On the other end of the spectrum, members seeking church assistance may get into a budgeting/personal finance arrangement that includes tithing.  Folks in such situations who don't follow up on their end of the plan, might have their church assistance cut off.  

In my dozen years in the clerk's office, I've heard umpteen stories of members not getting the church financial support they wanted, reacting by calling foul, getting mad at the bishop, and using words like "shakedown" at tithing settlement.  OP is one of the only times I've heard a member not seeking financial assistance use the "s" word.  (At least, I'm assuming there wasn't any assistance being sought.)

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40 minutes ago, mgy401 said:

To what degree, in the Church, do we view salvation/Zion as a communal effort such that individual noncompliance may threaten the health of the entire endeavor?  Particularly in matters of temple recommend worthiness, where we are under collective obligation to let no “unclean” thing into the temple?

I don’t know where the line should appropriately be drawn.  I certainly don’t want a rat-on-your-neighbor mentality to become pervasive in the Church.  But I don’t think we’re being honest, or consistent, if we simply say that other people’s shortcomings are absolutely never, under any circumstances, any of our business.  After all, even in a secular society we want tax cheats to be caught.  And in this discussion, we consider @Ahab’s potential inappropriate judginess to be very much our own business!

Like a good neighbor, Ahab is here.  

You're in good hands with Ahab.

Hmm, seems like a lot of insurance companies feel the same way that I do.

Put your shoulder to the wheel.  Push along.

Do your duty with a heart full of song.

We all have work.  Let no one shirk.  Put your shoulder to the wheel.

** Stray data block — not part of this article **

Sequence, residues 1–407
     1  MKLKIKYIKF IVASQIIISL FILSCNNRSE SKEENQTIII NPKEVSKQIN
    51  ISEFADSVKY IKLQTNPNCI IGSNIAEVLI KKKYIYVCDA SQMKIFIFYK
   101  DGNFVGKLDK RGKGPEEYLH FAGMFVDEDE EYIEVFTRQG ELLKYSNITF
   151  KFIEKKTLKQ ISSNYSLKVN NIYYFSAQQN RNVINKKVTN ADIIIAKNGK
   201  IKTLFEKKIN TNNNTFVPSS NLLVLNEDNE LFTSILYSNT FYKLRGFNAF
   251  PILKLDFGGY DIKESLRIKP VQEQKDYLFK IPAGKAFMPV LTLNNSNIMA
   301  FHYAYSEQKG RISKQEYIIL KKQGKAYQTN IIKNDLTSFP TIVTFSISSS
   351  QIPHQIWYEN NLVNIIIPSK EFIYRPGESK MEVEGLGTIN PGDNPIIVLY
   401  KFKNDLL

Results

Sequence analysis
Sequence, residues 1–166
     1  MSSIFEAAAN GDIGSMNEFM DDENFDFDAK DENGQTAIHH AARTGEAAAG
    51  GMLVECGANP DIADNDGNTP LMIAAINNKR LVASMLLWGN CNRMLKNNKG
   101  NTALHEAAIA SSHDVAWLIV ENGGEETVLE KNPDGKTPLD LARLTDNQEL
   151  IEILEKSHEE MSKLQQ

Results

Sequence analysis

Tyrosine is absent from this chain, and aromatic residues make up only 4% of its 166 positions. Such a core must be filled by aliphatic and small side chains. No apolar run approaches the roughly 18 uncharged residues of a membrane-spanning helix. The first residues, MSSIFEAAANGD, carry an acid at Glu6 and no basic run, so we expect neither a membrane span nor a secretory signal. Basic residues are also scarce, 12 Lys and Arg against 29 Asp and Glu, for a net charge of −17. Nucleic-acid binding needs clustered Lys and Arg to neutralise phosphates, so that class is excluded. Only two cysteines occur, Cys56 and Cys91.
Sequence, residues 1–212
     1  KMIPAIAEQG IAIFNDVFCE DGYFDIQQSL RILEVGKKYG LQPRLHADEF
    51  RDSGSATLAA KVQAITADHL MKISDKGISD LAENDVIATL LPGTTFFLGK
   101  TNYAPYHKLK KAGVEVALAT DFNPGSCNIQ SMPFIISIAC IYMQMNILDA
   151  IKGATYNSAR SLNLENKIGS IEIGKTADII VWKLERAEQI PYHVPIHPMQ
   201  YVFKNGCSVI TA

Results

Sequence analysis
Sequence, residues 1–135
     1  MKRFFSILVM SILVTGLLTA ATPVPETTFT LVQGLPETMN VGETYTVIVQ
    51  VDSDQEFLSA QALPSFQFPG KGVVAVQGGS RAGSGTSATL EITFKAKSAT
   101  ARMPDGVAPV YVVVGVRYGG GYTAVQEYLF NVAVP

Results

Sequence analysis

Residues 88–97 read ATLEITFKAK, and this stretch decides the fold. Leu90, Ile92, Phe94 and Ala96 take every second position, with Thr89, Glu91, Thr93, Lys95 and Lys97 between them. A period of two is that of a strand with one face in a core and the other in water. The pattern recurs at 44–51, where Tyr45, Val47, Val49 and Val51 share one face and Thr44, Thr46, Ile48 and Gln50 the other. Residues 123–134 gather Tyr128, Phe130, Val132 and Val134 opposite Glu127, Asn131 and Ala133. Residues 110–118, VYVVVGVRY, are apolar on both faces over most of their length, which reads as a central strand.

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11 minutes ago, Ahab said:

Like a good neighbor, Ahab is here.  

You're in good hands with Ahab.

Hmm, seems like a lot of insurance companies feel the same way that I do.

Put your shoulder to the wheel.  Push along.

Do your duty with a heart full of song.

We all have work.  Let no one shirk.  Put your shoulder to the wheel.

 

Weirdo. 😂

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11 hours ago, The Nehor said:

...............................................

I am not surprised that many new bishops would be confused by the practice due to unfamiliarity. I admit I question a succession of bishops all implementing shakedowns.

Back in the day when wards had to donate to a local building fund, bishops would inquire very directly about member finances in personal interviews in order to assess the ability to give.  There were "shakedowns" aplenty then.  Bishops no longer inquire into personal finances, and everyone is on his honor in declaring himself a full tithe-payer.

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4 minutes ago, katherine the great said:

That’s a completely different thing. That’s people taking resources from the organization (although they have likely contributed to it in the past). Tithing is about voluntarily giving. Yeah it would be weird for someone who lives extravagantly to give only a little but I don’t see any reason to grill them on it. They should know the difference between right and wrong. I say leave it in their laps. We are a church- not the Feds.  

Aren't bishops supposed to be able to detect liars, cheats, and thieves?  Just by inspiration?  The bishops I have known and worked for typically wrote a lot of checks for good causes, in addition to signing food orders.  I had to deliver a lot of those checks.  It appeared to me that they were for a good cause in every case.

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30 minutes ago, bluebell said:

I'm not saying the bold.  I'm specifically speaking to Ahab's comment where he said:  "I would prefer [the bishop] verify [someone is paying a full tithe] instead of just taking some member's word for it.  There are dishonest members and a bishop should ferret them out !!!"

I'm wondering why Ahab would prefer the bishop ferret out members who lie about tithing.  What's it to him?